US researchers seek to use invasive species as yellow perch larvae feed
Researchers at Southern Illinois University Carbondale are developing a new larval feed that uses the invasive species copi, previously known as Asian carp, as a protein source.
Two researchers at Southern Illinois University Carbondale, Karolina Kwasek and Michal Wojno, are trying to find better ways to hatch and successfully raise yellow perch to the juvenile stage. They use research methods that combine low-tech hatchery equipment, easily copied by professional fish farmers, with creating a new feed that uses the invasive species copi, previously known as Asian carp, an invasive species that threatens Illinois waterways, as a protein source.
Yellow perch and other percids, such as walleye, are among the most difficult freshwater fish to raise in captivity. The very few aquaculture operations that even attempt to raise perch indoors report less than a 10% success rate in nursing them from the larval to the juvenile stage. Much of the difficulty stems from successfully feeding them because the newly hatched larvae are picky eaters with many limitations. An expensive, high-maintenance live feed is the standard, creating a cost-effective dry feed would revolutionize the process.
The SIU researchers are exploring ways to convert copi protein into a new feed for the larvae essentially by pre-digesting it in vitro. Mixing protein from copi with the enzyme-laden digestive tracts of processed mature perch, and then incubating the resulting slurry at temperatures and pH levels that mimic the digestive process break copi protein into molecular sizes that the larvae can absorb.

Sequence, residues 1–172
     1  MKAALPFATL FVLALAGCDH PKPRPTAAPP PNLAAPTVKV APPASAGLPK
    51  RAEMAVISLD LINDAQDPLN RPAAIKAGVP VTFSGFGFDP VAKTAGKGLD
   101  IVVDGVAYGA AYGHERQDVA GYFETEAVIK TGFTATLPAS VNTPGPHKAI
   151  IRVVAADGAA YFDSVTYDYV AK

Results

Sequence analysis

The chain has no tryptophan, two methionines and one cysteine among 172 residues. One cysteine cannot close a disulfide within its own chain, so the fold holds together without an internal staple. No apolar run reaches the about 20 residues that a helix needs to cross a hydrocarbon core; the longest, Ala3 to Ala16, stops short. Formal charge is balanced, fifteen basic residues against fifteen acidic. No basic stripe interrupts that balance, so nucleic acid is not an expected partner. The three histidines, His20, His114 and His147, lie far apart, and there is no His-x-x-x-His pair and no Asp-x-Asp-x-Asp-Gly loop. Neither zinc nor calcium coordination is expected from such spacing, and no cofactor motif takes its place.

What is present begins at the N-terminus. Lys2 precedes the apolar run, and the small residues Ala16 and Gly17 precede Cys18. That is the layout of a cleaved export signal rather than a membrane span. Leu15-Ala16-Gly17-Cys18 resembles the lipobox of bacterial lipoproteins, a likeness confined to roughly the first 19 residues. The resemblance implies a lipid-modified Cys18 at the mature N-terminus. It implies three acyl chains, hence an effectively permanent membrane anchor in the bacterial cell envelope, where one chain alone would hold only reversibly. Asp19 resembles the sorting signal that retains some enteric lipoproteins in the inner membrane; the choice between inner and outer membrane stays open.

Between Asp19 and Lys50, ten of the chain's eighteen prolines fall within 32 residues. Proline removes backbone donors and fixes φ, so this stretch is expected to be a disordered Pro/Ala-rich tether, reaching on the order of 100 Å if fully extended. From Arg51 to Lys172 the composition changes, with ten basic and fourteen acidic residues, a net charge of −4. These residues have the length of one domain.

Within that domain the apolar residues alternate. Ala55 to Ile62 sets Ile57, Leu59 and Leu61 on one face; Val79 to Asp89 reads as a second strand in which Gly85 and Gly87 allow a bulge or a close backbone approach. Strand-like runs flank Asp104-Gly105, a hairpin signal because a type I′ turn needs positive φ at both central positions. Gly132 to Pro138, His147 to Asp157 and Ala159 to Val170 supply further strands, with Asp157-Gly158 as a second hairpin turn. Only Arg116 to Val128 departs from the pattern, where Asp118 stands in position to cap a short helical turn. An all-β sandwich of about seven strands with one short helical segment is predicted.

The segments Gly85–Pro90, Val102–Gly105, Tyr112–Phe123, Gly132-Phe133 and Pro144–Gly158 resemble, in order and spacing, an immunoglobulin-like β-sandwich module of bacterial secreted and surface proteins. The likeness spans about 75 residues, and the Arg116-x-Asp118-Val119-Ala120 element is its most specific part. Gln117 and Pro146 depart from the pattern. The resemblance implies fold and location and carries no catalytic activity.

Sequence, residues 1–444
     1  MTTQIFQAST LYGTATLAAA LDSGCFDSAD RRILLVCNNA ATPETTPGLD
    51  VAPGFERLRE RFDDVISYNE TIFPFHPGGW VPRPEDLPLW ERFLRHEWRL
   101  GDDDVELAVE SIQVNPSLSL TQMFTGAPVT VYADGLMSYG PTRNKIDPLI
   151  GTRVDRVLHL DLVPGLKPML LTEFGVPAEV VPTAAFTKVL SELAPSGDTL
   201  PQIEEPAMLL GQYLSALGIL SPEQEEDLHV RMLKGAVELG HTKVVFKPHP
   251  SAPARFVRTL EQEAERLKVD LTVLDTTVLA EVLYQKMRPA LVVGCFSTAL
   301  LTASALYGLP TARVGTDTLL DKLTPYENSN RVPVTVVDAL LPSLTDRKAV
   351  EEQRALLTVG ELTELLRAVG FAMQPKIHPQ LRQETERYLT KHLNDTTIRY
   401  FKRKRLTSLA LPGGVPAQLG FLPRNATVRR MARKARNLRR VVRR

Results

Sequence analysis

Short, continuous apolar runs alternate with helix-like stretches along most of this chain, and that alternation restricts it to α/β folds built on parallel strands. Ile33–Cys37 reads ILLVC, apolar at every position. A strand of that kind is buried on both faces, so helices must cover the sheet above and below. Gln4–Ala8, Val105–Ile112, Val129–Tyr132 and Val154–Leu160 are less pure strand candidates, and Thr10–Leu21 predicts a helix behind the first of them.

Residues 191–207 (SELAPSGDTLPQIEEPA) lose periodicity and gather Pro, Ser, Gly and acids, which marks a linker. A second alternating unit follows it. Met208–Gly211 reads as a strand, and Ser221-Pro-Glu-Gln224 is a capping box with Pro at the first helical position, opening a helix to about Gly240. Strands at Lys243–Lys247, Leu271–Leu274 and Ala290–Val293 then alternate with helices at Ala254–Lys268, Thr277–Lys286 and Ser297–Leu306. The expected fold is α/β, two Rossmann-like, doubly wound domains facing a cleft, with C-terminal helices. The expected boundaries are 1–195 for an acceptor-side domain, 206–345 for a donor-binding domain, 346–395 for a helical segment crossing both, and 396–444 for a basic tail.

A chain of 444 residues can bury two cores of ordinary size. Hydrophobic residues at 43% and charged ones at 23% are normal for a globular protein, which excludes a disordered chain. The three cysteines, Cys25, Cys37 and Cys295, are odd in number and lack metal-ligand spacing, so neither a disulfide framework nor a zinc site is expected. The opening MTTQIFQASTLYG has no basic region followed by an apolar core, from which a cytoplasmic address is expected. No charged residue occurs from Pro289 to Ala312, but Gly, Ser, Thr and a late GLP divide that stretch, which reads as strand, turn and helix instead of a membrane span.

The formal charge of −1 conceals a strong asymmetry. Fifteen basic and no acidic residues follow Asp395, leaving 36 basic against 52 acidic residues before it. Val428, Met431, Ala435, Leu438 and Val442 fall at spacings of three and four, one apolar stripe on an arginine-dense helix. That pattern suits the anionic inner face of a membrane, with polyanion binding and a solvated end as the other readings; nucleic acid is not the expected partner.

The process can only take a few hours and can be slowed down or sped up by controlling the ratio of digestive enzymes to the raw protein. The final dried product is turned into pellets.
A fish farmer can place this new food directly into the tanks holding the larvae, where the water circulation controlled by the nozzles in Wojno and Kwasek’s design also help keep the new experimental food from sinking too quickly, moving it longer horizontally and giving the larvae a chance to discover the new dish.
The methods already have raised the survival rate to around 50% with swim bladder inflation of nearly 100%. “So, this is potentially a major breakthrough for larvae culture in general,” Kwasek said.
The research will last through 2023. Success would mean greatly increasing yellow perch’s survival rates at indoor hatcheries, leading to business expansion for more aquacultural ventures and better prices for consumers.
Photo caption: From the left are Michal Wojno, assistant scientist with the Center for Fisheries, Aquaculture, and Aquatic Sciences; Giovanni Molinari, graduate student; Karolina Kwasek, assistant professor in the School of Biological Sciences; and Peter Boessen, graduate student. Photo by Russell Bailey.